A: At this point, the biophilic advantages of using naturally occurring materials such as wood in school design is well understood in the education community. There have been a number of publications, including a study Wood use in British Columbia schools that we completed with Forestry Innovation Investment and Stantec in 2018, that have helped foster this awareness within the community. I find that when discussing various structural typologies with school stakeholders, those stakeholders are now coming armed with a strong understanding of the positive impacts on the wellbeing of the school community that wood construction can offer.

Q:  Can good school design positively impact student development?

A: One thing that I’ve noticed specifically when discussing mass timber framing systems with school district stakeholders is how excited they get about the potential to use the exposed structure as a learning tool for students. By having a direct visual connection to timber framing elements, educators are able to establish a direct link for students between their school, the environment in which it exists, and the sustainable material that was used for their building. The potential to foster this kind of tangible environmental awareness for students (as opposed to simply citing philosophical sustainability goals) is truly powerful.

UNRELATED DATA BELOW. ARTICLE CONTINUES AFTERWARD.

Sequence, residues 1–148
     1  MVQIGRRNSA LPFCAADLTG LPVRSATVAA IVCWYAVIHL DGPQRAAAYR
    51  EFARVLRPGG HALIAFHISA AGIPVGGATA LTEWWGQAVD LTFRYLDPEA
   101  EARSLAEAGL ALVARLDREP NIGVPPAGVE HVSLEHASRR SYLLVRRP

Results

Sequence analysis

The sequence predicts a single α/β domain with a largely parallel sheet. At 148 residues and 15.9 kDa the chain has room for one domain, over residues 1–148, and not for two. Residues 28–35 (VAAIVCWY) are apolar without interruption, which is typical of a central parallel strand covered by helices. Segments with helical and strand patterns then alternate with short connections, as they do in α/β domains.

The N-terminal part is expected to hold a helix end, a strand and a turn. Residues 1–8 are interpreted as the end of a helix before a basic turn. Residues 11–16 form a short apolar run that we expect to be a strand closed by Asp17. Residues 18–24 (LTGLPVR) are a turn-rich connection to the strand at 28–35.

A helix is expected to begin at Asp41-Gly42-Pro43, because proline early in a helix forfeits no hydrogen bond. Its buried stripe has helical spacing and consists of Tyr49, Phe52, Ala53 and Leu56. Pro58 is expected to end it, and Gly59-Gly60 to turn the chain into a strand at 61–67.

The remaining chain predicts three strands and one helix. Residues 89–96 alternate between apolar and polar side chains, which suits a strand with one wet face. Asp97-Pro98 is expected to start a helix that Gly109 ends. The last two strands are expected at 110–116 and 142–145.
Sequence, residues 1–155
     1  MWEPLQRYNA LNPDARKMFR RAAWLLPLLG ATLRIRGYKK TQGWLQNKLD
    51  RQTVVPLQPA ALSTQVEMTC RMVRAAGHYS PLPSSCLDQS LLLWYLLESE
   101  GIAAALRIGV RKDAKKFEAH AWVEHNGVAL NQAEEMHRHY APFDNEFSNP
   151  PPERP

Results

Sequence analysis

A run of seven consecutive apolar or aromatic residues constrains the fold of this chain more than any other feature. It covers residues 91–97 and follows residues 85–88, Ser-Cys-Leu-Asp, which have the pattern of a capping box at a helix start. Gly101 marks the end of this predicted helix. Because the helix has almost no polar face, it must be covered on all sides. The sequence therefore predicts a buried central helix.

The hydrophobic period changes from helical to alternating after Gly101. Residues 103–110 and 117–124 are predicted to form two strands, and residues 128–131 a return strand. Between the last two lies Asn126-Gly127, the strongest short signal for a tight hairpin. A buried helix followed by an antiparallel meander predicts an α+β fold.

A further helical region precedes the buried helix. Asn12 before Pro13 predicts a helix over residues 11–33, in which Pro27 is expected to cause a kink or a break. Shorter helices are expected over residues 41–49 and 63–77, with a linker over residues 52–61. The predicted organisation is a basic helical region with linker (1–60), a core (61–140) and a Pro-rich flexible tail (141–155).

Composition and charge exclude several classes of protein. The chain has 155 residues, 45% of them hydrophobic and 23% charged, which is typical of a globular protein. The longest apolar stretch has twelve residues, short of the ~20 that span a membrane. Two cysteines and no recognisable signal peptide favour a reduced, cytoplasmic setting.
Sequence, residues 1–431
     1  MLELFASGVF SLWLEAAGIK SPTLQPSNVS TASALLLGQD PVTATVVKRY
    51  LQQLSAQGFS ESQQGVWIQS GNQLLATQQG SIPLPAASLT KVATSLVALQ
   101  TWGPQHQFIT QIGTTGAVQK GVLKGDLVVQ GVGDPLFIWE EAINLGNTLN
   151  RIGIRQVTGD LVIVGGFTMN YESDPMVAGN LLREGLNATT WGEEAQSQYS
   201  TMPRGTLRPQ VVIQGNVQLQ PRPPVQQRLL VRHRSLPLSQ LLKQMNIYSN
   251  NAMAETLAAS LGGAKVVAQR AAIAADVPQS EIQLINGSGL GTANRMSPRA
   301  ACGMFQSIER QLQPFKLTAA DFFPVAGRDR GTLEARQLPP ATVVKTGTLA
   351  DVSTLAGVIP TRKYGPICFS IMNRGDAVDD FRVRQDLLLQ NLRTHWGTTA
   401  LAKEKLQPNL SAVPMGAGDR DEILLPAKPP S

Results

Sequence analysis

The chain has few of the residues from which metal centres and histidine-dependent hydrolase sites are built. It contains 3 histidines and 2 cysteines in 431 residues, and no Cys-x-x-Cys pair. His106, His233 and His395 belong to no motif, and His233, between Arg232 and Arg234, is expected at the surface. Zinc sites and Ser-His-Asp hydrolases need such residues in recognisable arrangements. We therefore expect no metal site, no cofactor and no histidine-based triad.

When it comes to value, wood is versatile and cost-effective for BC schools. Today’s modern timber buildings are taller, more advanced and going up faster thanks to ever-evolving technologies. From tried-and-tested light-frame wood construction to mass timber, hybrid and prefabricated combinations, timber buildings are increasingly assembled as an innovative kit of parts.

Put together much like life-sized Lego—they can go up quickly, while still retaining the option to make onsite modifications. This makes wood construction for schools easier to repurpose, recycle or reuse. Prefabricated wood buildings can be assembled and disassembled, modified—and in some cases relocated entirely. In the future, modularized systems with interior walls could easily be reconfigured to expand or shrink the size of a classroom depending on changing needs. This could give schools of the future the option to change the size and composition of a facility over time, further boosting affordability and value.

All in all, when it comes to school design, one thing is certain—the future is challenging to predict. But when it comes to choosing sustainable building materials, wood’s vast versatility and climate benefits may prove to be one of its biggest advantages in the decades to come.

Surrey Christian School Primary Wing Addition | Photo credit: Ed White Photographics courtesy of KMBR Architects

Sunny daytime second floor view of children inside Surrey Christian School Primary Wing showing mass timber construction, including glue-laminated timber (Glulam), and cross-laminated timber (CLT)